For many, the start of March marks the end of summer, but those who love to eat and drink are already skipping breakfast in preparation for the 2016 Melbourne Food & Wine Festival, held March 4 to 13.
This year Bank of Melbourne World's Longest Lunch will snake around the Grand Prix track (sold out, sorry) and the Acqua Panna wine events (still available) will be joined by City Cellar, where 60 Victorian wineries come together on the Melbourne Convention and Exhibition Centre lawn for tastings and entertainment. But in 2016, the Festival is all about showing the world that Victoria is the land of milk and culture.
The Queensbridge Square Festival Hub, Urban Dairy, will bring the farm experience to the city, inspired by nostalgic milk bars and lush green pastures. Expect a cheese shop; a rotation of soft serves and ice cream sandwiches from New York City's Big Gay Ice Cream, Pierre's by Pierre Roeloefs, Gelato Messina and Sydney's Hartsyard; and Urban Dairy events including a cheese toastie-off, dairy-themed dinners and kid-friendly workshops with Alice "in Frames" Zaslavsky.
"Victoria has over 4000 dairy farms and produces over six thousand million litres of milk every year, so it's great to highlight the dairy industry in this year's festival," says Dairy Australia's food communications manager, Amanda Menegazzo.
But all curd-esy aside, it's the eclectic mix of cultural events that is most exciting this year. And although the $353 Whisky in the Sky tasting – held in an airborne 1940s aircraft – has already sold out, there are less extravagant options, too. Designer Bites, for example, is a sister event to the Virgin Australia Melbourne Fashion Festival cultural exhibition Cut/Cover at Phillips Shirts Factory this Friday. For MFWF, Sarin Rojanametin from NORA and Small Dinner Club will collaborate with designer Stanton Cornish-Ward to explore the same themes over a five-course dinner. "I don't want to give too much away," says curator Laura Thompson, "but some of the courses might be suspended from the ceiling."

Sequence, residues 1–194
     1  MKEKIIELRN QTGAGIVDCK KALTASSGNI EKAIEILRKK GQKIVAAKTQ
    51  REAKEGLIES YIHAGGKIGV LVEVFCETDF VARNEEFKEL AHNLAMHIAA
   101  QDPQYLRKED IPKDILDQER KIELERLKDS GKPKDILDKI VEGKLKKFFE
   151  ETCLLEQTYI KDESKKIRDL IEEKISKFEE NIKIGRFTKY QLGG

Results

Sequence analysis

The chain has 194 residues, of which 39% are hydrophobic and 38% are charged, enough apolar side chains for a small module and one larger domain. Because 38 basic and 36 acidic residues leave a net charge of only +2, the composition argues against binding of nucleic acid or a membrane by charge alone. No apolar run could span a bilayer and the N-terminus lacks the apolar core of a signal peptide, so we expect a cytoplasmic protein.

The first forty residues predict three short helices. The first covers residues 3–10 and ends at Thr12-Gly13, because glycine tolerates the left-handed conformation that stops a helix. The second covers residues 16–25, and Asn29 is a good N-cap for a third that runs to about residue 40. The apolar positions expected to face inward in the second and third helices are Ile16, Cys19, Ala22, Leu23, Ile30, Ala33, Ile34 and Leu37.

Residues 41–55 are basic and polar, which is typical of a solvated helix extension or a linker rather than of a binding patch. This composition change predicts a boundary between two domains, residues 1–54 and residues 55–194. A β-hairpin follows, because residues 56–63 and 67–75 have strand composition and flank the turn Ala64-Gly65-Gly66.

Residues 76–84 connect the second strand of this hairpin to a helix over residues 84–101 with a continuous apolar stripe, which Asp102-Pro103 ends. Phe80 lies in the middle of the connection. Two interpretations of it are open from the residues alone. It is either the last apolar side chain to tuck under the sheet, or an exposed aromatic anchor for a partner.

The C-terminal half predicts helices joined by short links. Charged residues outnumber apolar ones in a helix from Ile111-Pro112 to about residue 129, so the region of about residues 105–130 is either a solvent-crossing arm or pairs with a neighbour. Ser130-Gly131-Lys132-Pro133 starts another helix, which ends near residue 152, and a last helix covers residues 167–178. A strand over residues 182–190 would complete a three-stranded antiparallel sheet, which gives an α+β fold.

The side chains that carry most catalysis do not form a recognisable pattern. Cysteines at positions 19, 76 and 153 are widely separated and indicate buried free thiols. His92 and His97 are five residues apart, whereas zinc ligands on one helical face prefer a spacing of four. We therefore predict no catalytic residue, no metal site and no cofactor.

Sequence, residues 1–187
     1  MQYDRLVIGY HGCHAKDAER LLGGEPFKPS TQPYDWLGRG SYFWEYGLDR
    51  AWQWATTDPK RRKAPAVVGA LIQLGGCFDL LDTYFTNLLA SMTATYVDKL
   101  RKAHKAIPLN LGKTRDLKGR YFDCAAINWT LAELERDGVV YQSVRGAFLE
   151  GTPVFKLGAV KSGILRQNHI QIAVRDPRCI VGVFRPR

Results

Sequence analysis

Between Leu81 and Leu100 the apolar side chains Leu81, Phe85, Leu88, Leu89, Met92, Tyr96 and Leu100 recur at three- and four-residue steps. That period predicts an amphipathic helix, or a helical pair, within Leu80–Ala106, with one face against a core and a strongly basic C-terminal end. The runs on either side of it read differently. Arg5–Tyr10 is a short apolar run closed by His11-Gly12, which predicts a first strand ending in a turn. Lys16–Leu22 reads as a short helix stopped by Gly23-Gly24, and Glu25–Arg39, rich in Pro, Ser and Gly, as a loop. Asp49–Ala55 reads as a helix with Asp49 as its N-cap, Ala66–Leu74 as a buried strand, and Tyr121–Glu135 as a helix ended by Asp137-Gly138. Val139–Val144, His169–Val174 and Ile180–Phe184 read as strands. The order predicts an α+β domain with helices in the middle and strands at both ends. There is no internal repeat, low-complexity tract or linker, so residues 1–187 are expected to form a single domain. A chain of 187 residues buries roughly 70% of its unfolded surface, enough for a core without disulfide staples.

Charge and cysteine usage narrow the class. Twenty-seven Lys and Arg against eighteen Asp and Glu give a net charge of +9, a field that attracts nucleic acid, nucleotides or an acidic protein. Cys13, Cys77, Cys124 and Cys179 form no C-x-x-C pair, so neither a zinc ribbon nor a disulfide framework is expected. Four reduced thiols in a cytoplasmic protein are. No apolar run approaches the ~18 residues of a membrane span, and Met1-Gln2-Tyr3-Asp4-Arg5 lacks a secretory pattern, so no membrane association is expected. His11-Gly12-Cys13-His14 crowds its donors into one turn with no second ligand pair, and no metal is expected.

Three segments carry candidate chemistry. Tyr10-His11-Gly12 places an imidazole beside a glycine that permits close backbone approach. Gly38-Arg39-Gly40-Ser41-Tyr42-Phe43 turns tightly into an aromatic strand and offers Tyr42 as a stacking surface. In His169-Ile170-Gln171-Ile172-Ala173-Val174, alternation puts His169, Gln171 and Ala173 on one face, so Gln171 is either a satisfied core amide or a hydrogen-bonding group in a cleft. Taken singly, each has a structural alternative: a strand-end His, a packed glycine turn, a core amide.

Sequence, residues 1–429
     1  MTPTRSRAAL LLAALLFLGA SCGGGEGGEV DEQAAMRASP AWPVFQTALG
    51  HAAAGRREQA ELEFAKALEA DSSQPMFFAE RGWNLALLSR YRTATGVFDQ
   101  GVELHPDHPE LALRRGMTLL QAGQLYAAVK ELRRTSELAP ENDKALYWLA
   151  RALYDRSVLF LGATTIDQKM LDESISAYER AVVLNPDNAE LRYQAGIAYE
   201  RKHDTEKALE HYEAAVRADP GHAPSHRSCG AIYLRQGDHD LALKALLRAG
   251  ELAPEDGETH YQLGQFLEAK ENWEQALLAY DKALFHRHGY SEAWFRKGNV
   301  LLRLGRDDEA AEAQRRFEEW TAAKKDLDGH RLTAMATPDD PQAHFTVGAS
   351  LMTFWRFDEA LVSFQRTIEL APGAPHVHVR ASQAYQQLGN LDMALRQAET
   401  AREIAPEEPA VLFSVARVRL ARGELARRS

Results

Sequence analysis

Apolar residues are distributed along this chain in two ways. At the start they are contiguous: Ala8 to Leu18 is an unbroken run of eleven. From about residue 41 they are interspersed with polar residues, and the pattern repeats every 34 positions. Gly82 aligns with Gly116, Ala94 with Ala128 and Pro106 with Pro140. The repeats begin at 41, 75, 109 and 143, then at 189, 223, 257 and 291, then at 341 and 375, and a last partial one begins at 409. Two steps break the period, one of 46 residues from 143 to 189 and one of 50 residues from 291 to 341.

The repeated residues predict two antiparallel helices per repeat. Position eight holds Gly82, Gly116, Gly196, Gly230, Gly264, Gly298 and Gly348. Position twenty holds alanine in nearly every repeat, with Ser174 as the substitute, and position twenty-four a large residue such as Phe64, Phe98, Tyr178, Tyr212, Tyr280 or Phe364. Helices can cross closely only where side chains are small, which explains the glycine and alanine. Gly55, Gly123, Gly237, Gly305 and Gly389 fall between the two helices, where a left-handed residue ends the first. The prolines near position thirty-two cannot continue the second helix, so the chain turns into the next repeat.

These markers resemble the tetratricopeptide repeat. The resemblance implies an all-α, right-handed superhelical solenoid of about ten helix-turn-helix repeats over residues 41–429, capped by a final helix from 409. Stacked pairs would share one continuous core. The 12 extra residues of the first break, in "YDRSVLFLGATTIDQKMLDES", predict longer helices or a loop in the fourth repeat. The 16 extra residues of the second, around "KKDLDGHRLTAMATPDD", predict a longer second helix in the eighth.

DoubleTree by Hilton Melbourne is putting on an edible graffiti dinner served directly onto tiled tables, while Banquet of Secrets, a musical by Aussie icon Steve Vizard and jazz musician Paul Grabowsky, features an on-stage menu by Philippe Mouchel (PM24, Deja Vue and soon, Philippe) eaten each evening by the actors. A post-show, five-course degustation by Mouchel is also available at The Barre. Presented by Victorian Opera in partnership with Arts Centre Melbourne, the musical is about four friends who agree to spill their secrets at an annual dinner, based on Vizard's memories of Melbourne dining.
"The restaurant I've created is fictional but the experience that inspired it is real," says Vizard. "I went to Melbourne Uni so we were always in Lygon Street at Tiamo's for cheap spaghetti. Another group of us have caught up every year before Christmas down the road at Jimmy Watson's since we were about 17."
Science geeks and general lovers of gin should book tickets to the Bass & Flinders Angry Ant Gin launch at Melbourne Museum's Bugs Alive! exhibition. Made from Australian botanicals picked from Wooleen Station in central Western Australia, the most curious ingredient is a native ant. Apparently the pheromones produced by the ants – labelled "safe for human consumption" by Melbourne University – are key to the gin's flavour profile.